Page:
So, while the wort for my barley wine was coming to a boil I heated up some additional sparge water and rinsed another 4 gallons of wort from the grain. Believe it or not I ended up with a gravity reading of 1.035 from this effort and knew I had the potential for some additional beer.
I set this aside while I finished brewing the barley wine as per normal and got it chilled and in the fermentor.
I then set to work on my small brown ale. I wanted the gravity to be a bit bigger so I add some cane sugar to the boil and add some hops sparingly hoping for a mild bitterness. I chilled and left it up to a packet of dry US-05 yeast to ferment.
After fermentation was complete I tasted the beer and found it to be slightly astringent (from the extra sparging I suppose) and lacking in the malt character that I was looking for and since I had come this far with it I figured I'd double down on my effort and decided to see what would happen if I added some local fruit. My thinking was to possibly temper the astringency and additionally create some added dimensions to the beer. In this case I guessed that 3 over ripe papayas and a mango would do the job.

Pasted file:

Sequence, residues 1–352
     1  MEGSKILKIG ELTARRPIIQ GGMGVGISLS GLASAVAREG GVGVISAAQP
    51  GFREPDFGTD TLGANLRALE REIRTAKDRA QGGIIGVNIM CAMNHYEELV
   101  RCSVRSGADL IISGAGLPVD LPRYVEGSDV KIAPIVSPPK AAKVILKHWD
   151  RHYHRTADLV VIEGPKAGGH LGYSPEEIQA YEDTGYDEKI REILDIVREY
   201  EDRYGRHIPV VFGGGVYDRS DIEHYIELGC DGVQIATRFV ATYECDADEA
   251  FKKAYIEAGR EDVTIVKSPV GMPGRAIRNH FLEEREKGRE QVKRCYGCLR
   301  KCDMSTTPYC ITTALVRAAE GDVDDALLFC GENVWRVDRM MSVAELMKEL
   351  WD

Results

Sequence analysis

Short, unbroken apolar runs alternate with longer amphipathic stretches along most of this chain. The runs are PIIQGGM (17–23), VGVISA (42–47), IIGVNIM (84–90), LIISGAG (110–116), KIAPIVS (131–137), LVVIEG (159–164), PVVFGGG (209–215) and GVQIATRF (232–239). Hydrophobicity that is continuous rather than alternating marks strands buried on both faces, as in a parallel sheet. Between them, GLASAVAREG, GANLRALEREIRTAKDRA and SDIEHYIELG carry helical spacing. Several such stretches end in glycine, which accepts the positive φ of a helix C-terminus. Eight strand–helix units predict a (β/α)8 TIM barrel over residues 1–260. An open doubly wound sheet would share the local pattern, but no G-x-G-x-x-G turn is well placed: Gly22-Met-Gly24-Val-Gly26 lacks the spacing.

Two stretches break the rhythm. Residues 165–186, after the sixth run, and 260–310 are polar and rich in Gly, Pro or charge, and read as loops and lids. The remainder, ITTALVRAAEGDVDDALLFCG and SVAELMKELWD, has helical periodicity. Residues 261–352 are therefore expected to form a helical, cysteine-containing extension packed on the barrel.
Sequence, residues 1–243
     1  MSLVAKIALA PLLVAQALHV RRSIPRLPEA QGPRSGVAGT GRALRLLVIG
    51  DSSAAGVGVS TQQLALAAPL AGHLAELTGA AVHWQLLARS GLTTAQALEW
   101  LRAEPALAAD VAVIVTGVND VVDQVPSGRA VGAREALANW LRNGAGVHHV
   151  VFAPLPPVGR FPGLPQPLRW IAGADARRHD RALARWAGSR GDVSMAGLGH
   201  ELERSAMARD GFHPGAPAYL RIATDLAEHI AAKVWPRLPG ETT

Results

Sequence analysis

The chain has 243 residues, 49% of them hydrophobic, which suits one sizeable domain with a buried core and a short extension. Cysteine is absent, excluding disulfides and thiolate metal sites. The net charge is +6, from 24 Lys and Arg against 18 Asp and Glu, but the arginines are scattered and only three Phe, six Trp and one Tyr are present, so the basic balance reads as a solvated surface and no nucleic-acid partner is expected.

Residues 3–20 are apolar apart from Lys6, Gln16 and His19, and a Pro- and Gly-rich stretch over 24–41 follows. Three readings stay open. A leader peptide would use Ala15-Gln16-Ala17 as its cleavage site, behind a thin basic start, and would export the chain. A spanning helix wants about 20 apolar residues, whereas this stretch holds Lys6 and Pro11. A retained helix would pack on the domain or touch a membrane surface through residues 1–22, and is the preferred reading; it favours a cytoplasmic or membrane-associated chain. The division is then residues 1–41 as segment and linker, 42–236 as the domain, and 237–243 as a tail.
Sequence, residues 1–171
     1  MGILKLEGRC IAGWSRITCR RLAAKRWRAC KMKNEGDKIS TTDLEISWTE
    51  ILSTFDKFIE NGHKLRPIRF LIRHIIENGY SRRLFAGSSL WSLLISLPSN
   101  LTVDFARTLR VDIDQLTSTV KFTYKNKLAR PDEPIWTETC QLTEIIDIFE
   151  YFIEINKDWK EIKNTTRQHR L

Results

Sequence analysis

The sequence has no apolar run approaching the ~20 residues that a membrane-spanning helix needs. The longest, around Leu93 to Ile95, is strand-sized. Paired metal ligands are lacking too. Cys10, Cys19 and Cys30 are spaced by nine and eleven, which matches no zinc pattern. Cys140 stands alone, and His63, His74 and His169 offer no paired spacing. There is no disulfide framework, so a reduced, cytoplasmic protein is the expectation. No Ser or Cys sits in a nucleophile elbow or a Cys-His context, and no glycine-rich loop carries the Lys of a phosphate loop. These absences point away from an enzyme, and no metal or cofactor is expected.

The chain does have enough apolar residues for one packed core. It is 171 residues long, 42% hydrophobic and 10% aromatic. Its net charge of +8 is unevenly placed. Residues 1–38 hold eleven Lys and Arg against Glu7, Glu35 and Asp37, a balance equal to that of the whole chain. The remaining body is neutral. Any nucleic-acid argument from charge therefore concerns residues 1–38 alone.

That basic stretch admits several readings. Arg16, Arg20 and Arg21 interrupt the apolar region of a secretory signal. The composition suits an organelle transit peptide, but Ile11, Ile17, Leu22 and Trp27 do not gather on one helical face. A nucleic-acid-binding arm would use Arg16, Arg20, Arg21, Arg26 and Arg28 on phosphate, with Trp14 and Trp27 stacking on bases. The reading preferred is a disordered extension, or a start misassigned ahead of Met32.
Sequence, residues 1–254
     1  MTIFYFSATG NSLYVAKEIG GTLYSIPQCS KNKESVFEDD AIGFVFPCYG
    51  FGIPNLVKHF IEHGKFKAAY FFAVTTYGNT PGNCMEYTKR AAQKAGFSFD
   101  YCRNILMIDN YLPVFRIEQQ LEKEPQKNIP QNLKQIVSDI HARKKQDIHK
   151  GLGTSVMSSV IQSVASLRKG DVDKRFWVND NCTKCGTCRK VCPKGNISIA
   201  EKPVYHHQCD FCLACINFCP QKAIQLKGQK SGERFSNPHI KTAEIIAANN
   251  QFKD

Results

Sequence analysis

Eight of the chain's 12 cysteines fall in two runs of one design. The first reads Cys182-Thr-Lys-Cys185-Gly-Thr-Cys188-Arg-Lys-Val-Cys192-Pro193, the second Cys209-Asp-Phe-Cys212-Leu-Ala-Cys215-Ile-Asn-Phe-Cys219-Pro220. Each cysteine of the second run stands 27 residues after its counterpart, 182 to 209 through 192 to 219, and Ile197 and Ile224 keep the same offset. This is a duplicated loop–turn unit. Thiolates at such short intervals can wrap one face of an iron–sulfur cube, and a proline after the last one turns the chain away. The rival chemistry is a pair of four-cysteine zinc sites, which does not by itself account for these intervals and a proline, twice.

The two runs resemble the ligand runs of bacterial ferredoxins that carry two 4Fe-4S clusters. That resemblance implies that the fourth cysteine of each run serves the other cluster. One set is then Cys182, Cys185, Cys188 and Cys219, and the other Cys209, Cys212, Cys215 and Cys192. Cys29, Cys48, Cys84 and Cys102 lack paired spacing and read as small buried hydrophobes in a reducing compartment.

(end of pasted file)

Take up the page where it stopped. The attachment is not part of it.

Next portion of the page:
I washed and sanitized the fruit first and then my hands because after peeling and scooping out the fruit I used my bare hands to squish the fruit into a lumpy puree. The odds of my contaminating this beer were high but since I also enjoy a good sour beer I wasn't afraid and some deep part of me actually smiled at the idea of a sour, brown, tropical fruit beer. I poured the fruit directly onto the fermented beer and covered with a lid and airlock. I stepped back and rubbed my hands together in anticipation.
|Brown ale with fruit|
The final results? A mild brown ale with easy drinkability. The papaya aroma come through with the dark fruitiness of the crystal malts but is only slightly detectable in the flavor which is predominantly stone fruit and caramel. The astringency is mostly gone and the bitterness is just a bit higher than I would like but not offensive.
This low alcohol (session brown?) will be a great beer for quaffing on the roof top as the lazy days of summer wind down. If you are here in San Miguel, come by for a pint and give me some honest feed back on this secondary beer you might even get a taste of my traditional Mexican ponche that I fermented for an untraditional alcohol kick. Cheers!